Nudist Colony Of The Dead (1991)

In a sense, a title like this is critic-proof: you’ll see it and instantly decide whether you’ll want to watch it or not. So, this review isn’t really aimed at those people who’ve already stopped reading this and have headed to eBay (or to www.pirromount.com, where I’ll be spending some money in the upcoming weeks), it’s aimed at those who’d immediately dismiss such a weird title.

It has “nudist” in the title, but isn’t remotely titilating, and indeed features almost no nudity. It’s a musical comedy, for heavens’ sake! Made for a cost of around $35,000!

It starts off with an apology for the quality of the film stock used! Mr Pirro shot on super-8, but when he came to re-release it on DVD many years later, realised the picture quality of some shots was so poor that it was basically unusable – so he replaced some scenes with video-taped shots of the same scenes, made for a behind-the-scenes documentary, and tried his best to clean it up. While it’s safe to say it’s not DVD quality, it looks a lot better than some micro-budget super-8 movie has any right to look on a 2018 55” screen.

A group of nudists are in court, defending their right to be nude all the time in front of Judge Rhinehole (Forrest J Ackerman); on the other side are the sort of religious busybodies I hoped didn’t exist in real life when I lived in the UK, but have encountered several times since moving to the US. They’ve collected signatures and the Judge sides with them, ordering the nudists off their property.

That’s the last moment “Nudist Colony Of The Dead” could be called sensible, in any way. The remaining nudists, led by Mrs Druple (a young lady by the name of Rachel Latt in a genuinely hideous body-suit), decide to commit suicide en masse, rather than, I don’t know, buying some other land somewhere else, and before they drink the poison, say they’ll be back to wreak their revenge on the town scumbags.

ISCFC FAVOURITE THING: the custom written theme song! I love a song which talks about the plot of the movie it’s the theme to, and this one is a doozy. Favourite line? “Exposing gonads, with no shame”. Beautiful.

If further evidence of writer / producer / director Mark Pirro’s view on religion was needed, the main body of the movie is the setting up of a…I think religious re-education?…camp on the site of the old nudist colony, and the group of “kids” who are sent there. The one parent we see just endlessly packs crucifixes into her daughter’s case while ignoring her repeated requests to not go; and the two people in charge of the trip were the two main women from the case against the nudist colony, years ago (I think the movie says it was two years, IMDB says five). The gang of “kids” goes there, along with the two old ladies and a couple of hillbillies who are, I guess, camp counsellors, and pretty much immediately all the nudists rise from their graves and get to killing, in a variety of interesting ways.

Let’s do the good stuff first. The songs are often hilarious, and while it’s not quite at the level of a Rocky Horror, they’re a great deal better than you’d expect from a no-budget zombie-horror-comedy. “Inky-Dinky-Doo-Dah Morning” is fabulous, for example (and does the classic thing of introducing a couple of characters to bulk out the chorus who are never seen before or since – a black guy and a red-headed woman, primarily).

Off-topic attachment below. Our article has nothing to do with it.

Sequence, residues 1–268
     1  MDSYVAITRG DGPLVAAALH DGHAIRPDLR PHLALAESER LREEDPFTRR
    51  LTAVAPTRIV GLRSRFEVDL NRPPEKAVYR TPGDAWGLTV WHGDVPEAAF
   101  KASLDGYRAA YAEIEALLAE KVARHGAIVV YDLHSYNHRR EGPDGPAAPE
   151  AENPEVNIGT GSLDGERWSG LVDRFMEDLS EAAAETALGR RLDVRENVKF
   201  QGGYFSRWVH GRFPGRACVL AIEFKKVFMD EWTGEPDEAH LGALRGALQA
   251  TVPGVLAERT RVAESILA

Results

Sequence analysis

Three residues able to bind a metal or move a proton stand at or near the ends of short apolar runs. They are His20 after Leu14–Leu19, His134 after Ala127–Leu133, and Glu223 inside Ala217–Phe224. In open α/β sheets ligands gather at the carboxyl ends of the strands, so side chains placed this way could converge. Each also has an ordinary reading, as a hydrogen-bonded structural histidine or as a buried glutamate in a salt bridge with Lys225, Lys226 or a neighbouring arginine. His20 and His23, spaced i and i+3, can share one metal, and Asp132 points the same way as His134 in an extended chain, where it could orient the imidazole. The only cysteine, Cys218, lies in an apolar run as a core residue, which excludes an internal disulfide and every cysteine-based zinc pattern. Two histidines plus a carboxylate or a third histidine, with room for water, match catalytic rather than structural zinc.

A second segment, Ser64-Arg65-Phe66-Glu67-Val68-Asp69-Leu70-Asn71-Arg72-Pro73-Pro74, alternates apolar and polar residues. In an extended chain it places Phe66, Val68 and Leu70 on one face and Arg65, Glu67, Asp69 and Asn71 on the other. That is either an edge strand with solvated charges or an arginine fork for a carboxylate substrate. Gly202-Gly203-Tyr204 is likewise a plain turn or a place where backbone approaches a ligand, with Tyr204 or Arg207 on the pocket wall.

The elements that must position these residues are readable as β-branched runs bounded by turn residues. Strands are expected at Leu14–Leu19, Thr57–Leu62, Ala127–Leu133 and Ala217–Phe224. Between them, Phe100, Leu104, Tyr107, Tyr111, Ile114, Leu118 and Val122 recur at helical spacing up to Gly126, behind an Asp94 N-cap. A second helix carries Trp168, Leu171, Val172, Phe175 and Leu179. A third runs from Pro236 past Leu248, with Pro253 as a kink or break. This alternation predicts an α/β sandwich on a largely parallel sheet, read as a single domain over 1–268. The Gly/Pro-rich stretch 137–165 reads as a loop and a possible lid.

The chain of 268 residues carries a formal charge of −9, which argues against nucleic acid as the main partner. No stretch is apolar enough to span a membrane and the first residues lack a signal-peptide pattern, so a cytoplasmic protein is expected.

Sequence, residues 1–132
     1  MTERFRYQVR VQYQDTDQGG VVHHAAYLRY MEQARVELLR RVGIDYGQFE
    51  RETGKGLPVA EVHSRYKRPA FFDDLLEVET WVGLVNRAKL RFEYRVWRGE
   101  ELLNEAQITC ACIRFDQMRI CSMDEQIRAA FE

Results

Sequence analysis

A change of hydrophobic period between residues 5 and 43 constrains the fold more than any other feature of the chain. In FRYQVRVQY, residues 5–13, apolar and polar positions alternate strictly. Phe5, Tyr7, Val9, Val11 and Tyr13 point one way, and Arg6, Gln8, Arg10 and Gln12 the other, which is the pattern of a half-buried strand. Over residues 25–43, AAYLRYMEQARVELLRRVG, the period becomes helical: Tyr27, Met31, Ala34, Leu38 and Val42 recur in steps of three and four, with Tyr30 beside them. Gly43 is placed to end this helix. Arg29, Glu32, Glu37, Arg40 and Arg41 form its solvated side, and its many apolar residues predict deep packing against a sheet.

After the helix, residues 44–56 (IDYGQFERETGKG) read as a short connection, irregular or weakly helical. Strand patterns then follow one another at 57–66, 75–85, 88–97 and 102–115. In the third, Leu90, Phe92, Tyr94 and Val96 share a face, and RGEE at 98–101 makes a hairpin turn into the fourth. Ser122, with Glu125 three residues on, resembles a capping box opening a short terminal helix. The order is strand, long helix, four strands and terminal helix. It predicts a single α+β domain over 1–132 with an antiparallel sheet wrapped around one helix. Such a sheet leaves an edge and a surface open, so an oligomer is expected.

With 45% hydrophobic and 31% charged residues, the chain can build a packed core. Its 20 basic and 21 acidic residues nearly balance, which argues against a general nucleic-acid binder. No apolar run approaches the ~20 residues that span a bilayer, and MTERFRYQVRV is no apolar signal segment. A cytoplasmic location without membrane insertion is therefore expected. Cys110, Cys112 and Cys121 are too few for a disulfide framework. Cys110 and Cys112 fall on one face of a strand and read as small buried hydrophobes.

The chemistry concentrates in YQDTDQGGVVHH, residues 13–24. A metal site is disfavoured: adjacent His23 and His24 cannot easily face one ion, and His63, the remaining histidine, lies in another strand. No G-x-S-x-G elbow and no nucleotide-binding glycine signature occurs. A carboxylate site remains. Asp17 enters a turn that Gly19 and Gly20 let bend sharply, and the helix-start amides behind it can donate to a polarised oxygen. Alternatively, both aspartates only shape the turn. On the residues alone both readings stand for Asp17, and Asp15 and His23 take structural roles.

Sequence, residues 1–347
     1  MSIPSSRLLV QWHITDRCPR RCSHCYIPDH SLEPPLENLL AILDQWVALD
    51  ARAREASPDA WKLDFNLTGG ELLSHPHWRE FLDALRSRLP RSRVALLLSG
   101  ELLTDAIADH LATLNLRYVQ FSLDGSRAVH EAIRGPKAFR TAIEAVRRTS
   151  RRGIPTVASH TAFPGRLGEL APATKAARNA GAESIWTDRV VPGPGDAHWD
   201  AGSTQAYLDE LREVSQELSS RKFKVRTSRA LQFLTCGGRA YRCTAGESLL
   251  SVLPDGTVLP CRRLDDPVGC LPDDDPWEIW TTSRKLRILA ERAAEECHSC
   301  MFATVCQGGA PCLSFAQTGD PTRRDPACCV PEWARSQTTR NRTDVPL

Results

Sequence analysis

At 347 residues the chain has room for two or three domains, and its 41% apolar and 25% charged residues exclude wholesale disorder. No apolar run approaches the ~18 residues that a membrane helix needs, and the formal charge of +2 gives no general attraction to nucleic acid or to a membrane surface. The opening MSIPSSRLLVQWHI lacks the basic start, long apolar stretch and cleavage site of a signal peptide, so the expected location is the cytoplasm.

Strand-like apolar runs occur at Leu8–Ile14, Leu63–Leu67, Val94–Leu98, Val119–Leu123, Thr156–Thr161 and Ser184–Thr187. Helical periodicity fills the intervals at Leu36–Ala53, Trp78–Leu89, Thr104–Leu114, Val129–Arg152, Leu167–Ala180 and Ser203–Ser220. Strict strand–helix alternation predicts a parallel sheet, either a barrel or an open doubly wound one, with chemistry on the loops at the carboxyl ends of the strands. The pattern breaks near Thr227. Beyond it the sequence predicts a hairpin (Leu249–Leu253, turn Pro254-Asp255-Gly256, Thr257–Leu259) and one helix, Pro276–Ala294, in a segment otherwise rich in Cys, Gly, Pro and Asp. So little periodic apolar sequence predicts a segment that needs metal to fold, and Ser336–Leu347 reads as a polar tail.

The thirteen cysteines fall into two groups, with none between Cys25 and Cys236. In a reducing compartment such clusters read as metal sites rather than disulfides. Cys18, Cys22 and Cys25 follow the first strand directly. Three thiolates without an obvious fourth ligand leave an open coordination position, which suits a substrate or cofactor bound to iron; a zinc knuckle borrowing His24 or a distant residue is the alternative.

The effects are hand-made in the best possible way, too, so kudos to Pirro for making a budget stretch a long way. It feels a little like “Oversexed Rugsuckers From Mars” (mercifully, it looks like Pirro’s career went better than that one’s director). I particularly liked the set of legs still moving after their top half was sliced off.

And then the bad. The acting is a wash, because what do you expect from people prepared to work on a movie with zero budget? But the script is nowhere near as funny as it thinks it is, and so many of the jokes fall completely flat. Chief among these is Billy McRighteous, who has maybe 100 lines in the movie, and 95 of them are variations on this:

“The Bible says ‘he who turneth the other cheek, needeth more toilet paper’. Jeremiah Chapter 2, verse 5, Rocky 4.”

One of those, maybe, but after the tenth one you’re filled with a desire to sit the writer down and try to explain to him how jokes work. After the last one, you’re begging for some payoff – like, maybe the character isn’t reading the Bible at all, and is a lunatic who just wandered onto the bus before it set off for Camp Cutchaguzzout – but no.

I mean, it’s not all terrible. One exchange goes – “we’re Christians! We’re not supposed to think!” and the reply “or be rational!” and that’s nicely written and delivered. But it’s definitely the weak link, and I wish Pirro had gotten a little help with the script beforehand.

Also, it’s kinda racist? A few commenters have mentioned the black park ranger, but he not only saves the day, but his sweet 80s rap is a lot of fun too. He’s fine. It’s not the anti-religious stuff (my wife’s ears pricked up at a reference to Judaism, but neither of us really heard it) because I pretty much agree with it. It’s represented by the character Juan Too, who’s half Japanese, half Mexican. He’s a collection of wacky mispronunciations and, while he’s slightly better than the all-time most racist depiction of a person from that part of the world – Long Duk Dong from “Sixteen Candles” – the fact I can mention them both in the same sentence isn’t a good thing. I’m prepared to give Pirro the benefit of the doubt, like maybe it was a joke that just didn’t work, or fell flat in the edit, but it just looks bad today.

Anyway, should you watch it? Absolutely. It’s a lot of fun, and if you can forgive the occasional fallow patch, you’ll have a heck of a good time with it.

Rating: thumbs up

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